Tag Archives: K.M. Weiland

A Cautionary Note for Pantsers

Author Lisa Cron wrote a thoughtful piece over on Writer Unboxed on January 10, 2013, that got me thinking. If you haven’t read Lisa’s work, I highly recommend her latest book, “Wired for Story,” a guide to how writers can use storytelling techniques to trigger the brain’s natural ability to read stories.

Cron’s post on Writer Unboxed focused on the technique, advocated by Anne Lamont in her famous “Shitty First Drafts” chapter in the classic work, Bird by Bird, to “let it all pour out” when writing a first draft. Cron posits that Lamont’s point has been widely misinterpreted. Lamont was not suggesting writers dive into a first draft with no thought or regard for the story they are trying to tell. Having said that, Cron proceeded to discuss why the “let it all pour out” approach does not serve the writer well.

“Let’s face it, it’s much easier—seemingly liberating—to let ‘er rip and write without thinking, pantser-style, than it is to think about what you’re writing beforehand, and track it as you go,” Cron wrote.

Read the full post

Cron recommended nine tips to avoid the trap of flying blind and ending up with an incoherent draft. I won’t repeat them all here, but four of these tips in particular resonated with me:

#2. Know what your point is before you begin to write.

#4. Know the over-arching problem your protagonist will face.

#5. Know your ending first.

#8. Concentrate on the “why” and not the “what.”

As an unabashed pantser, I should have taken exception to what Cron wrote, but as I reflected on it, she was dead-on. It’s fine to “let ‘er rip,” but here’s a cautionary note: a writer must think his story through before putting a single word on the page. So here are the things I always work out before I sit down to write:

  • Premise: what is the story about?
  • Protagonist’s goals and obstacles. These should be made clear to the reader as early in the story as is possible.
  • Antagonist’s role and ways in which the antagonist will thwart the main character.
  • Major milestones in the story. What are the events that will drive the story forward?
  • Major conflicts. How will these be set up and developed and resolved for maximum impact?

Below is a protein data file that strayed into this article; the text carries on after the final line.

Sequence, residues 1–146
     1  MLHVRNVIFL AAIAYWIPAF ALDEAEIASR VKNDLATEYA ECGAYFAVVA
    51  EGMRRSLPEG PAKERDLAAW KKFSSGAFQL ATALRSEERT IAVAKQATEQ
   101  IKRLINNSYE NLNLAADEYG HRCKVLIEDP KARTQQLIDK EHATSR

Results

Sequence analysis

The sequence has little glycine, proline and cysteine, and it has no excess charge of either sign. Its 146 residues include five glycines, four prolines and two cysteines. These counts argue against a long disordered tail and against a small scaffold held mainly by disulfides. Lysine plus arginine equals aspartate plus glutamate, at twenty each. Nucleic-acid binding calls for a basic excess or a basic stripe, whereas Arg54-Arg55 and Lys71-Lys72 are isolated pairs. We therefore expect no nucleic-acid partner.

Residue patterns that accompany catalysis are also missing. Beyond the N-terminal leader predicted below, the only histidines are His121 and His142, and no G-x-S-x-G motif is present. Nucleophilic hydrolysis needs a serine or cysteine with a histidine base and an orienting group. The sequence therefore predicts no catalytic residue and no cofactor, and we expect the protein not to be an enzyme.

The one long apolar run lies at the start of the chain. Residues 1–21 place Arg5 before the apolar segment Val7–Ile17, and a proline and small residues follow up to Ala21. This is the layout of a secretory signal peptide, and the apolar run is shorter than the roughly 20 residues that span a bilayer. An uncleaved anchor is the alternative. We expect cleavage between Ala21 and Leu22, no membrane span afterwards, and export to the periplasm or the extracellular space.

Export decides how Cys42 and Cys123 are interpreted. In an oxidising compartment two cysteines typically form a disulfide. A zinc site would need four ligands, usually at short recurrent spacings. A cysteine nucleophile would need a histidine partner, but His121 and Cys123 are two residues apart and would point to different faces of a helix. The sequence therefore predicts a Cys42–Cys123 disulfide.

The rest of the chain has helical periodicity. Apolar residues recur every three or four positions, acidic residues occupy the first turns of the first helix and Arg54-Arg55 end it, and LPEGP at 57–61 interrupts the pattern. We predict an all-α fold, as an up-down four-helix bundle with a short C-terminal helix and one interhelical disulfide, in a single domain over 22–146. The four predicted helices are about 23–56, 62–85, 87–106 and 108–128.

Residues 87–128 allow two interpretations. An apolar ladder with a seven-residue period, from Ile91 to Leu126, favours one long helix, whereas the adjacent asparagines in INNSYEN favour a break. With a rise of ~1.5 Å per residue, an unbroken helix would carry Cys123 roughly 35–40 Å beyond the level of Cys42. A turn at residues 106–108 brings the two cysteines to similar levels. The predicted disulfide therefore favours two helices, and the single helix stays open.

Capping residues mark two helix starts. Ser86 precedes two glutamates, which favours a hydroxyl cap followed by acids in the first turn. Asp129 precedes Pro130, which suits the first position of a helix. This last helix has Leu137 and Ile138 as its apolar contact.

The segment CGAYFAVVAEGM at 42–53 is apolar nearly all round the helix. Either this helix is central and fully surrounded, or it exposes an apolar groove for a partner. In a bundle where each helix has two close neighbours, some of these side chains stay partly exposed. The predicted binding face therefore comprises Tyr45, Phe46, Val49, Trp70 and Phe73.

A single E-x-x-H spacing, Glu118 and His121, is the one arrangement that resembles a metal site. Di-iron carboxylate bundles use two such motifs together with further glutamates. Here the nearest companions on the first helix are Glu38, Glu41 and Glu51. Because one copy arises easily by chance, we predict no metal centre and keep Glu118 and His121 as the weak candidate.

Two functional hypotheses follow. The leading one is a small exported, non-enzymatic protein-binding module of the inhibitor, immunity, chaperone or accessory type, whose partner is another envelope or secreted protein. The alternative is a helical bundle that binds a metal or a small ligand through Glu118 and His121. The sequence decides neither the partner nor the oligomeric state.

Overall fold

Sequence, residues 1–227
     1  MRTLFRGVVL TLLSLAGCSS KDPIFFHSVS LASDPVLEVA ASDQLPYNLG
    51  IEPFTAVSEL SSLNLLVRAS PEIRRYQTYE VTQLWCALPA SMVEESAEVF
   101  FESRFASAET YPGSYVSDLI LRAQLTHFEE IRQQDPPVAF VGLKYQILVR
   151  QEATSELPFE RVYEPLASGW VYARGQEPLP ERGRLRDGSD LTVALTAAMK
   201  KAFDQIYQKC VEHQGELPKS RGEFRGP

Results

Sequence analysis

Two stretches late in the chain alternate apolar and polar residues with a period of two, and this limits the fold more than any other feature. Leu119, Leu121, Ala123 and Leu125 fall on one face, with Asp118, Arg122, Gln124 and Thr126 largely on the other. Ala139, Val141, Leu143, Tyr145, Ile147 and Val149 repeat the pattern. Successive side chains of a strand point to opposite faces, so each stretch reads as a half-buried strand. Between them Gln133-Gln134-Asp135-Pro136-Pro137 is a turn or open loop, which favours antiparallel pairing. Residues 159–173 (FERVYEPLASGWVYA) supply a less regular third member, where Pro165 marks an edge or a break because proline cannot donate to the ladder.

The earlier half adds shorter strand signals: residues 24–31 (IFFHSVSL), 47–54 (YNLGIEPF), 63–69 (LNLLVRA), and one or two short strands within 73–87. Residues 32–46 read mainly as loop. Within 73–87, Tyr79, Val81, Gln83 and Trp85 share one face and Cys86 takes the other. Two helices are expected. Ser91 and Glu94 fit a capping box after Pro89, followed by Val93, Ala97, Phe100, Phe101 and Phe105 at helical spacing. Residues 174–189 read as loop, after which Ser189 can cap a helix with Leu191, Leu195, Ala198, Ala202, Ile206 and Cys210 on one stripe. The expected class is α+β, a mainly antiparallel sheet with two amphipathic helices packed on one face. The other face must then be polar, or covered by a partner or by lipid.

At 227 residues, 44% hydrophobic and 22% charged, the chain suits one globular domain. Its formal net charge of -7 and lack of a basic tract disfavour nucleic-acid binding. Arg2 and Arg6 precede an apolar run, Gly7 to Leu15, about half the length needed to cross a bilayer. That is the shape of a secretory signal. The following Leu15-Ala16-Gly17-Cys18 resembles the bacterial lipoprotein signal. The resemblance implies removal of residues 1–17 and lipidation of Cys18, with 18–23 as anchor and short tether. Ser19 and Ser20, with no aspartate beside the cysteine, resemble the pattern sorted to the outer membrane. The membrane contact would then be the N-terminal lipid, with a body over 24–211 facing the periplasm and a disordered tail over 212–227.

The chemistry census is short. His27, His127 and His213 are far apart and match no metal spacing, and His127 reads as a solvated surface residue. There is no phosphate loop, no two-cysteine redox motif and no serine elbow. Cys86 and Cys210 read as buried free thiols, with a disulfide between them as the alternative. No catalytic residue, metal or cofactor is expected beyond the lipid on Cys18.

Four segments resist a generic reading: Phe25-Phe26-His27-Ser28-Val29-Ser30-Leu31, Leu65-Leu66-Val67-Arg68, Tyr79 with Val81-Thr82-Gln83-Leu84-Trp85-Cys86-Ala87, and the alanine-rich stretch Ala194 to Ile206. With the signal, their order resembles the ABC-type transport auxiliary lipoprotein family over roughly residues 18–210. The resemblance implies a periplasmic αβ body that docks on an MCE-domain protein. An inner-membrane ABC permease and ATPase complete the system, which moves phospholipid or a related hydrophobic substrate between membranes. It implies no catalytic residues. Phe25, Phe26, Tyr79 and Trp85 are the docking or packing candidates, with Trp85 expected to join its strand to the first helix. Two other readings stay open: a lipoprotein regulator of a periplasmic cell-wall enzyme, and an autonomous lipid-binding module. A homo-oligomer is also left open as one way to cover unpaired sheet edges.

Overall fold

• Ending. Even if you change your mind about the ending (as I have done during the final stages of a first draft), a writer cannot reach a destination unless he knows where he is going.
  • Theme. Though this is sound logic, I nearly completed the first draft of my first published novel, Small Change, without having any idea what the theme was. It came to me in a quote by the main character’s mother that I wrote almost unconsciously (it must have been there all the time in my brain). It was one of those ah-ha moments a writer experiences.

I give a lot of thought to the points above before I start to write. I prepare a three to four page outline listing the major events of the story in narrative form. Then I let ‘er rip.

If you want to take a deeper dive into outlining techniques, I recommend K.M. Weiland’s book, Outlining Your Novel.

I will be reviewing both Cron’s and Weiland’s books in future posts.

If you are a pantser, how much thought do you give to outlining?

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Books Read in 2012

Stephen King, in his classic craft of fiction memoir, On Writing, urges all writers to read widely. Writers must take the time to read across all genres to understand and grasp the basics of storytelling and character development. I set a goal to read 25 books a year. This year I read 26 books. I try to read a mix of popular fiction, classics, some nonfiction, and a few craft of fiction books. Sometimes I will choose to read a book to help me with what I am writing at the time. For instance, when I am having trouble exploring complex relationships in my story, I will turn to an author who is adept at doing that.

Here is my list of books read in 2012:

Broken Irish by Edward J. Delaney

The War of Art by Steven Pressfield

Turning Pro by Steven Pressfield

Outlining Your Novel by K.M. Weiland

Billy Lynn’s Long Halftime Walk by Ben Fountain

Telegraph Avenue, by Michael Chabon

The Beginner’s Goodbye by Anne Tyler

Writing 21st Century Fiction: High Impact Techniques for Exceptional Storytelling by Donald Maass

Family Graces by Kathryn Magendie

Middlesex by Jeffrey Eugenides

The Hunger Games by Suzanne Collins

Catching Fire by Suzanne Collins

Mockingjay by Suzanne Collins

Canada by Richard Ford

Before I Go to Sleep by S.J. Watson

Bird by Bird by Anne Lamott

The Bone Blade Girl by A.D. Bloom

Generosity: An Enhancement by Richard Powers

The Last Will of Moira Leahy by Therese Walsh

Secret Graces by Kathryn Magendie

The Night Circus by Erin Morgenstern

The Virgin Suicides by Jeffrey Eugenides

The Marriage Plot by Jeffrey Eugenides

To the Lifeboats by Jamie Beckett

Defending Jacob, by William Landay

Writer’s Conference Guide: Getting the Most of Your Time and Money by Bob Mayer and Jennifer Talty

In my next post, I will write about my favorite book of 2012.

 

 

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